Sunday, August 27, 2017


L.A.D.S. at The Tractor Shed

A good summer for Sondheim. Sunday in the Park with George from NYMT earlier this month, Follies at the National next week. And out at Latchingdon, my seventh Into the Woods, staged for the first and probably only time in a barn, with vintage tractors lining the stalls.

It's a popular show with amateur groups, despite the challenges presented by the staging and the score. A further challenge here was the absence of an MD to conduct – the accompaniment is karaoke style, which, to my surprise, works well, even for Sondheim. Though it has to be said that balance and acoustics conspired to rob us of some of his lovely lyrics.

The design had a charmingly naïve simplicity – trees were carried on and off, the birds were suspended from a stick, Granny's little cottage acted cleverly as a screen to spare us the worst of the Wolf's depredations. The garlands of flowers extended onto the apron, a useful acting area where the orchestra pit might have been.

Carole Hart's production combined music and movement to excellent effect, especially in Act Two, where numbers like No One Is Alone and Children Will Listen had a huge emotional impact. The Giant was well suggested by heavy footsteps and falling leaves, the beans by firecrackers. The choreography was by Aimee Hart, who also made a splendid Witch, hook-nosed before her transformation, strikingly elegant thereafter.

Many more first class performances: a lovely Baker's Wife from Carol Richardson, letting her hair down for a tumble with her Prince in the woods, her Baker Matthew Bacon, very strong in the “No More” sequence, Ben Braden's sunny Jack, Yasmin Lisa Sharp's Cinders, Freya Brown's Little Red Riding Hood [“I Know Things Now” very nicely done] and Tasha Gooderham's Rapunzel. There was a good deal of doubling – Cinderella's Prince and the Wolf, as is the custom [an impressive Adam Hart], but less usually Scarlette McSean gave us both Snow White and a particularly emaciated Milky White, and Rapunzel's Prince [Jacob Dawes] was given a Wolf of his own, plus Three Little Pigs as his prey. Notable contributions too from Daniel Tunbridge – striped blazer, panama – as the Narrator, Judi Embling as the wicked Stepmother, and Robin Warnes as a Chekhovian Mysterious Man.

A thought-provoking mix of fairytales – the Grimm and the gory never far away – the ending especially moving, with the stage peopled by the quick and the dead, a stylishly simple routine ending with everyone turning upstage, save for that one wistful “I wish”.  

Monday, August 21, 2017



The Dolphin's Back at the Sam Wanamaker Playhouse


Lyly's mythological fantasy – rebadged by The Dolphin's Back as an Astrological Sex Comedy – is a perfect fit for the “painted firmament” of the Sam Wanamaker Playhouse.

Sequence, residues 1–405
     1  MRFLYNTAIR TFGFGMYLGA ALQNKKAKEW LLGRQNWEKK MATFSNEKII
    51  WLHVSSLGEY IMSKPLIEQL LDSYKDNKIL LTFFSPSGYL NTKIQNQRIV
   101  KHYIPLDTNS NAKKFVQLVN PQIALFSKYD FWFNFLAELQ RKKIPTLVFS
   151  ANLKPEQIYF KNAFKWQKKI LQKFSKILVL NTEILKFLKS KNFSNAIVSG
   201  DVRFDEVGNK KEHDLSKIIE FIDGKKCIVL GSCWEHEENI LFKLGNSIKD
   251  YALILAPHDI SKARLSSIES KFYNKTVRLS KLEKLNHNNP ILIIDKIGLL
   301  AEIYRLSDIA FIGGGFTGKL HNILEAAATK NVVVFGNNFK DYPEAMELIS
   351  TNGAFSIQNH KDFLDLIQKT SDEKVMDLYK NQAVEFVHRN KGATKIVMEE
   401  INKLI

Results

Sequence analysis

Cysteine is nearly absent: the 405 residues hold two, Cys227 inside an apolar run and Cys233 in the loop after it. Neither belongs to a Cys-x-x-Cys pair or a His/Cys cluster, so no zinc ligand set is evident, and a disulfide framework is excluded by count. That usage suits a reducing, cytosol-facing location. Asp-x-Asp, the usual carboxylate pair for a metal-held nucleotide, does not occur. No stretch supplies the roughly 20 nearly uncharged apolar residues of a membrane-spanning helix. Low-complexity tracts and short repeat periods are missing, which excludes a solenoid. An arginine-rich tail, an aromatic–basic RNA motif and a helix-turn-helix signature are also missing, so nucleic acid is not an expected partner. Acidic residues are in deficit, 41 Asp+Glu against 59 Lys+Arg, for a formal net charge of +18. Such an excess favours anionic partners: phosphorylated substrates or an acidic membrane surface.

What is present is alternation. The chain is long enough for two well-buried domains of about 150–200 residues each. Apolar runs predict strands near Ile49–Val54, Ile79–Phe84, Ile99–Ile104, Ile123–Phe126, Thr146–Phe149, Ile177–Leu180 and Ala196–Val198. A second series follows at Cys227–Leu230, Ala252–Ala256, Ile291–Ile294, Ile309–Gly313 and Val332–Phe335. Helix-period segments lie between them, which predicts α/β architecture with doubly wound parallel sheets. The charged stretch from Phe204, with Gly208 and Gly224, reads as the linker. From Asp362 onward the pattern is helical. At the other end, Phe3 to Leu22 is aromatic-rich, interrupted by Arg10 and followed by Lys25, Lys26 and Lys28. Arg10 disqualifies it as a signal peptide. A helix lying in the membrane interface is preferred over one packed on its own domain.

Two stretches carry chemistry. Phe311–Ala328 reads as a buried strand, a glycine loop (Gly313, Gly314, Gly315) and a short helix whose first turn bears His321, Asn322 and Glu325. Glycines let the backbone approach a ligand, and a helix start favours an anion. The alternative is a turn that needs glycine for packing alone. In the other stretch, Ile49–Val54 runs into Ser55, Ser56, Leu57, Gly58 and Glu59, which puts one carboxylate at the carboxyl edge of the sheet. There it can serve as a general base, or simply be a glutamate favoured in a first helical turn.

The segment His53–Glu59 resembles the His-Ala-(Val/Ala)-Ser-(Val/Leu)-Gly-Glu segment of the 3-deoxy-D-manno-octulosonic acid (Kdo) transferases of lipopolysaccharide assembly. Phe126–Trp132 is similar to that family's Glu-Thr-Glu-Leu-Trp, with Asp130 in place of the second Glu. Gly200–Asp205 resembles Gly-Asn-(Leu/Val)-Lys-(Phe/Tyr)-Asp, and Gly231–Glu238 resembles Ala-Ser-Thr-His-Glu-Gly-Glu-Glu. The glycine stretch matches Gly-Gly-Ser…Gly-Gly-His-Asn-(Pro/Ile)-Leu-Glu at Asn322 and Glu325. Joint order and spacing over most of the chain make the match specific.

It's a fascinating piece, foreshadowing A Midsummer Night's Dream. “All is but a poet's dream,” says the Prologue [Leo Wan, later a suave Sol]. His only play written in blank verse, it was quite possibly intended for his regular playing company, Paul's Boys. Certainly there's plenty of roles for younger men, and for women, not least the central role of Pandora, the largest female part, apparently, in any play of the time.
She's played here by Bella Heesom, with Julia Sandiford as [Mother] Nature, the Creator in this myth. Pandora's four shepherd suitors, a very entertaining Keystone Cops quartet in wellies and cable knit sweaters, include Adam Cunis's antipodean Melos, and James Askill's ukulele-strumming Iphicles. Among the “envious planets” - Pandora has robbed them of their finest attributes – are Tim Frances's priapic Jove, who invites Pandora to fondle his golden sceptre and inspires her with anger, Joy Cruickshank's slinky Venus, and Ammar Duffus's Hermes, who teaches Pandora deceitful wiles.
There's a lovely Gunophilus from James Thorne – this is Pandora's love-sick minion, surely another role for a younger boy. And Cynthia, the new-fangled, moody moon, in whose orb Pandora chooses to spend eternity, sharing her fickle, feminine nature, is beautifully played by Rachel Winters.
The staging is necessarily simple, with Pandora's circular bed - “the inconstant moon” – changing colour as each Planet wreaks revenge, and doubling as a convenient cave.

James Wallace's lively production – ninety minutes of non-stop action – adds to Lyly's classical wit and word-play a winning blend of broad farce, physical high-jinks and wicked innuendo. Thus cleverly bringing a sixteenth-century rarity alive for a grateful modern audience.

Saturday, August 19, 2017



National Youth Music Theatre 
at The Other Palace


George is a freely fictionalised Seurat, the pointillist painter who died young and unappreciated in 1891.
Sondheim and Lapine's 1984 musical shows him at work, principally on Un dimanche après-midi à l'Île de la Grande Jatte. His sketches, much enlarged, sit on easels and form the only set.